People die daily from causes ranging from common ailments, such as heart disease, to rare occurrences, such as getting hit by lightning. But during which month do the most deaths happen in the United States?
The deadliest month in the U.S. is the one that heralds the New Year: January. An average of 251,699 people in the U.S. died in January every year between 2010 and 2020, according to a Live Science analysis of the Centers for Disease Control and Prevention (CDC) Wonder database, which tracks how and when people die. In comparison, the averages for the other months for this time period range from 218,102 (August) to 242,475 (December), Live Science found.
Other analyses also find that January is the deadliest month in the U.S. According to an analysis of the CDC Wonder database by The Washington Post, there were 40,000 to 60,000 more fatalities during January than August or September from 1999 to 2014.
Why is January so dangerous? According to the World Health Organization (WHO), the culprit could be the world's most prolific killer: heart disease, a 1999 study in the journal Circulation found, noting that heart conditions were more fatal during the winter months, especially January and February. More body heat is lost during the cold months, so the heart has to work harder, which creates extra stress for people with existing heart conditions, the British Heart Foundation reported.
However, that does not completely explain why warmer locales, such as California and Florida, also experienced more deaths in January than during the rest of the year.
Dr. Robert Glatter, an emergency medicine physician at Lenox Hill Hospital in New York City, acknowledged that there has been an ongoing debate about whether the summer or winter is more fatal. Heat-related illnesses are on the rise because of climate change. Young children, older adults and the immunocompromised are the most vulnerable to scorching, humid temperatures. However, despite the increased risk of heatstroke and organ failure during the summer, the winter months are more deadly. Here's why: The flu and other respiratory viruses tend to thrive during the winter.
"In the wintertime, influenza, along with secondary bacterial pneumonia and other typically benign respiratory viruses such as RSV, enterovirus D68, and rhinoviruses" are concerning, Glatter told Live Science in an email.
The pathogens that cause respiratory infections lurk everywhere during the winter. Closed spaces are germ vectors, breeding bacteria and viruses from too many people being too close together for long stretches of time. Even worse, the flu virus grows a tougher lipid coating during the winter months, according to the University of Southern California’s Verdugo Hills Hospital, and that combined with a more sluggish immune system (another downside of winter) raises the chances of getting sick. The flu still kills millions of people worldwide and 12,000 to 52,000 in the U.S. every year, according to the CDC. Lower respiratory infections, like bronchitis or pneumonia, are the fourth-leading cause of death worldwide, according to the WHO.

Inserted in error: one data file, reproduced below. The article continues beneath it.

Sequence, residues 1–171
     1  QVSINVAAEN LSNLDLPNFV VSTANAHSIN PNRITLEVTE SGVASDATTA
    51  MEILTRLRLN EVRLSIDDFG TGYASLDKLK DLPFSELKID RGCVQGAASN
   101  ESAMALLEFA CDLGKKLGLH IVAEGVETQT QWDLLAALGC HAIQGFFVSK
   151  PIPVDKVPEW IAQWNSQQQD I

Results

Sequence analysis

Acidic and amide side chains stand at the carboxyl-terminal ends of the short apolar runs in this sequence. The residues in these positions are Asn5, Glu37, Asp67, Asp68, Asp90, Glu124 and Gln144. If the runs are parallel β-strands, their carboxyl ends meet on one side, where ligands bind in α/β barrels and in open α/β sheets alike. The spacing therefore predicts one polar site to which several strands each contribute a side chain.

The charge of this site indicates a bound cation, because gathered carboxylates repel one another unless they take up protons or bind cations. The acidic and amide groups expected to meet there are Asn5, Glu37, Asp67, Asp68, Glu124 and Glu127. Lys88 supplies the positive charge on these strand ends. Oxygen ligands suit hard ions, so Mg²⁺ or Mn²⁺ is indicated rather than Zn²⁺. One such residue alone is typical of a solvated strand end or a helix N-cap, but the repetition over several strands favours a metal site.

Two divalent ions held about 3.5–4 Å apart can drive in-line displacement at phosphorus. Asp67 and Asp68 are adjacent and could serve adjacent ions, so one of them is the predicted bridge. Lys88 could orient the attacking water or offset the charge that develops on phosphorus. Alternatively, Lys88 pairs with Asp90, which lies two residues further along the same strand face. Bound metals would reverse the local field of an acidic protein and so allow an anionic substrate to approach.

But there are myriad other factors that make winter so deadly. "Exposure to extreme cold and wind, lack of adequate heating, older persons living alone, and the use of space heaters, which can lead to fires and carbon monoxide poisoning, are all concerns that make January the deadliest month of the year," Glatter said.
The aftermath of the holiday season also may affect death rates. Overconsumption of food, salt and alcohol adds to physical cardiac stress, along with the psychological stresses that plague what is supposed to be the "most wonderful time of year." But Glatter said that despite the assumption that holiday and post-holiday suicides are the reason for the spike in January deaths, they are not the main causes of death during that month. Generally, the springtime months of April, May and June tend to have the most suicides in the U.S., according to John Hopkins Medicine.
Deaths from COVID-19 in the past several years have also spiked in the winter. As the U.S. Census database reveals, COVID-19 pushed up death rates in the U.S. by 19% between 2019 and 2020. The U.S. hasn't seen such an upsurge in death rates since the 1918 influenza pandemic about a century ago. Ariel Karlinsky — who researches excess mortality and economics at The Hebrew University of Jerusalem and started the World Mortality Dataset with colleague Dmitry Kobak, who studies COVID-19 excess mortality at Tübingen University in Germany — has been investigating just how much excess mortality there has been worldwide since the pandemic struck. He found that COVID deaths hit a high in January 2020 and 2021.
Glatter is concerned about what could happen as the flu, RSV and COVID-19 flare up in the winter in what he calls a "tripledemic." He urged people to wear a mask to protect against COVID-19, RSV and the flu, especially in spaces without much ventilation. And he had some additional advice as winter approaches.
"Get a flu shot now and a COVID-19 booster if you are not up to date," he said. "And don't forget to wash your hands after contacting people who are ill or coughing. All of these measures can be lifesavers in the long run."
Editor's note: Updated at 9 p.m. EDT Nov. 2 to reflect that the recent surge in RSV may also worsen health outcomes this winter.
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Elizabeth Rayne is a contributing writer for Live Science. Her work has appeared in SYFY WIRE, Forbidden Futures, Grunge and Den of Geek. She holds a bachelor of arts in English literature from Fairfield University in Connecticut and a master's degree in English writing from Fordham University, and most enjoys writing about space, along with biology, chemistry, physics, archaeology and paleontology.